"It's very difficult to characterise this as a voluntary retention of citizenship. They’re your words, 'voluntary retention'," says the judge.

But Mr Donoghue says if there are reasonable steps available and you don't take them, that means you have opted in to keeping your foreign citizenship.

Solicitor-General Stephen Donoghue maintains that all of the Citizenship Seven, except Malcolm Roberts and Scott Ludlum, should be allowed to remain in parliament.

He argues the historical purpose of Section 44 was to block those who “voluntarily” acquired foreign citizenship, or who suspected they had it but chose to keep it.

Mr Donoghue has gone deep into the history of citizenship law in the British Empire to prove this original purpose.

He wants the judges to apply a “narrower” interpretation of Section 44, not an “absolutist” reading.

The judges want to know if Mr Donoghue is trying to narrow the finding in Sykes v Cleary 1992, which found the law applied unless the politician took “reasonable steps” to renounce the foreign citizenship.

He says no, he’s not. He says the Sykes case actually fits in well with his argument about voluntariness. After all, if you didn’t know you were a citizen, how can you be reasonably expected to take any steps?

We are still waiting to hear from each politician’s lawyers. The court will resume at 2.15pm.

The judges are questioning the government's lawyer, Mr Donoghue, on whether he is arguing for a narrowing of the legal precedent. In Sykes v Cleary 1992 the judges found that Section 44(i) does not apply if you take “all reasonable steps” to renounce your citizenship, but otherwise decided the section applies pretty strictly.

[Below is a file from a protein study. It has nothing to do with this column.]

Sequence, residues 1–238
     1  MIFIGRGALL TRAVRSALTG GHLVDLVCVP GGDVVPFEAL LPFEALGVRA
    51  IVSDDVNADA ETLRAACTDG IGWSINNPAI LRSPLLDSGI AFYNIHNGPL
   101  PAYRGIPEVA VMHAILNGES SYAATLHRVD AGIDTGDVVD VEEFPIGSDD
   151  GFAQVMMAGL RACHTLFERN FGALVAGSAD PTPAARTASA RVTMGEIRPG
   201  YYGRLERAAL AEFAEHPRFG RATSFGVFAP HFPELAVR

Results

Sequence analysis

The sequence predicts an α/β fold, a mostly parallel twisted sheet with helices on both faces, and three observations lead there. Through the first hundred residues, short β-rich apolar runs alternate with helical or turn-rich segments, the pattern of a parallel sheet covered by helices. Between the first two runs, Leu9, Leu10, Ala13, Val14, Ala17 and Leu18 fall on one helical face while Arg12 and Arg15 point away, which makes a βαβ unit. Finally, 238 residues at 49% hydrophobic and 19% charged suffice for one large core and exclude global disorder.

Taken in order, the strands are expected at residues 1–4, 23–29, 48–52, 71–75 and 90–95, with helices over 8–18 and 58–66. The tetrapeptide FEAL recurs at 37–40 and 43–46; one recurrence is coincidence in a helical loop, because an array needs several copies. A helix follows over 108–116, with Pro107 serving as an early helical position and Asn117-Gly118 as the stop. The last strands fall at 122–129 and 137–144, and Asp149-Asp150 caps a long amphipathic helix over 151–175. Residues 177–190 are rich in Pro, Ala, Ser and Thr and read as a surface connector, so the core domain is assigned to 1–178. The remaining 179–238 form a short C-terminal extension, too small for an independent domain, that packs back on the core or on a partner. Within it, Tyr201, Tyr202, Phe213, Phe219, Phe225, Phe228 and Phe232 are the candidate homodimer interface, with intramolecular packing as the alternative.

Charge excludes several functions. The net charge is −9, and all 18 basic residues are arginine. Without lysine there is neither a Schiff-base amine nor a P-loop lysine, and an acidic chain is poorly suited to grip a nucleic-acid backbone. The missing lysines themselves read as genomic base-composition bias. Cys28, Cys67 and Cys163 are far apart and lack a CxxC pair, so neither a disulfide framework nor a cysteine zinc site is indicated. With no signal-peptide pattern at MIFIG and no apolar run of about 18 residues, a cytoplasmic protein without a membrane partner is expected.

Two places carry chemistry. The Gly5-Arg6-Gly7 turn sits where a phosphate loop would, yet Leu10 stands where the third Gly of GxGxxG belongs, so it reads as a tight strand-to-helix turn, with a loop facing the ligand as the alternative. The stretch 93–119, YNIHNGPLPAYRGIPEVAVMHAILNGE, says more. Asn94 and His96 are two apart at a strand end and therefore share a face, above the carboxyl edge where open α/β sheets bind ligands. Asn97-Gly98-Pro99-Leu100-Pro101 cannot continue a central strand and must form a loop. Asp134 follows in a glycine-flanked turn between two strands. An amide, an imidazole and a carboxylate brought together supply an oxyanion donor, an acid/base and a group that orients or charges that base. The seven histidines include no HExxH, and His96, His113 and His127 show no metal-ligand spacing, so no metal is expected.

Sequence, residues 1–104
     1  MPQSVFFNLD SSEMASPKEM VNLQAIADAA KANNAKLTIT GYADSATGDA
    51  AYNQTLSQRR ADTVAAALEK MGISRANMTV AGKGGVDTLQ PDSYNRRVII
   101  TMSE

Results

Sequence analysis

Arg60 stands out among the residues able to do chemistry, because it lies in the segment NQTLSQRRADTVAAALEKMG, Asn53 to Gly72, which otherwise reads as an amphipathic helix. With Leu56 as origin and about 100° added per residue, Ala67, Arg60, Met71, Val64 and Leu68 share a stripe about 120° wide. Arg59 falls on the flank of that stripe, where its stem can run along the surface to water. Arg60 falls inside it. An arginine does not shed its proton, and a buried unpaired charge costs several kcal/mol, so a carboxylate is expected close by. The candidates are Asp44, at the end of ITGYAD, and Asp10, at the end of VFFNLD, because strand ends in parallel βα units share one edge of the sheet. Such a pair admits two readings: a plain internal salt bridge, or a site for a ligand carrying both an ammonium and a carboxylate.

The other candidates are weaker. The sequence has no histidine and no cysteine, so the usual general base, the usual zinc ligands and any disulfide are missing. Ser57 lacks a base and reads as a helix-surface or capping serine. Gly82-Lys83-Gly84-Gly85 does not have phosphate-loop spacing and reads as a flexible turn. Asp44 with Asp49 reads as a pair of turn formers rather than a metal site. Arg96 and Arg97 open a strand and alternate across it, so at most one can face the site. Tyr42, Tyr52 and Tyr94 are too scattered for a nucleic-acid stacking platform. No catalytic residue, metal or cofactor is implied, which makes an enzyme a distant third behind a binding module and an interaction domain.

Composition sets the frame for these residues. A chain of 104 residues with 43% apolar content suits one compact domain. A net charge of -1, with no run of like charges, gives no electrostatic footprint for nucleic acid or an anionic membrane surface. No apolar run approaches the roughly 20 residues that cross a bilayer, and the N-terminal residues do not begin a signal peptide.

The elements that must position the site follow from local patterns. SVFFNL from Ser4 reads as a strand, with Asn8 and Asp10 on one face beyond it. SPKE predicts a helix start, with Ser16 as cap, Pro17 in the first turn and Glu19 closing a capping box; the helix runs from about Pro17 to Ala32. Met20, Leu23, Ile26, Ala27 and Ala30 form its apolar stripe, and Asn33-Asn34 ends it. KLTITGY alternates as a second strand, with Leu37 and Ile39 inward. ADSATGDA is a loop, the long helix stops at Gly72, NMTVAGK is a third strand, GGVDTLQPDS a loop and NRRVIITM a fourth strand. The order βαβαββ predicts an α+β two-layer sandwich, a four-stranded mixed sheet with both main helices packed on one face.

Mr Donoghue says no, the Sykes case actually fits in well with his argument about "voluntary retention".

After all, if you didn't knowingly obtain or keep your foreign citizenship, then it wasn't reasonable for you to take any steps.

Still, Mr Donoghue says he is indeed arguing for a "narrower interpretation" of the Constitution rather than an "absolutist" one. He says it's about the meaning and the purpose of the law, rather than the literal wording.

The Solicitor-General reckons the historical context shows Section 44 was designed to catch out "voluntary acquisition” of foreign citizenship, rather than those who became dual citizens unwittingly.

He concedes that context doesn't change the clear wording of the Constitution - but he says the judges should keep it in mind as they interpret this case.

The Solicitor-General is taking us way, way back to the 1800s, explaining the evolution of citizenship law in the British Empire and the Commonwealth.

He explains there was a shift from a concept of citizenship by territory (where you were born) to citizenship by blood, which saw the beginning of inherited citizenship from a person's parents.

He brings up the fact that today there is "no problem" with being a dual citizen in British parliament, as long as you are a natural-born Brit.

Canada also has special provisions for dual citizens in their parliament, he says.

Solicitor-General Stephen Donoghue is trying to dispel the idea that it's easy to find out if you're a dual citizen.

He says Fiona Nash, the Nationals senator, obtained her UK citizenship by descent without her consent through her Scottish father. He says Senator Nash did not know her father's birthdate or the details of her grandparents' birth.

He moves to Nick Xenophon. In his case, Mr Xenophon did "turn his mind" to the question of dual citizenship before he was elected. His parents are from Greece and Cyprus, and he tried to renounce both, but did not realise his father left Cyprus before it gained independence from Britain.

Thus, Mr Donoghue argues, Mr Xenophon would have needed to understand not just where his parents were born but the "political" circumstances in their home countries.

Solicitor-General Stephen Donoghue, who represents the Commonwealth, is telling the court only Scott Ludlam and Malcolm Roberts should be found ineligible.

Also read: Ex-Greens leader Bob Brown wins High Court case against protest laws in Tasmania

Source: sbs.com.au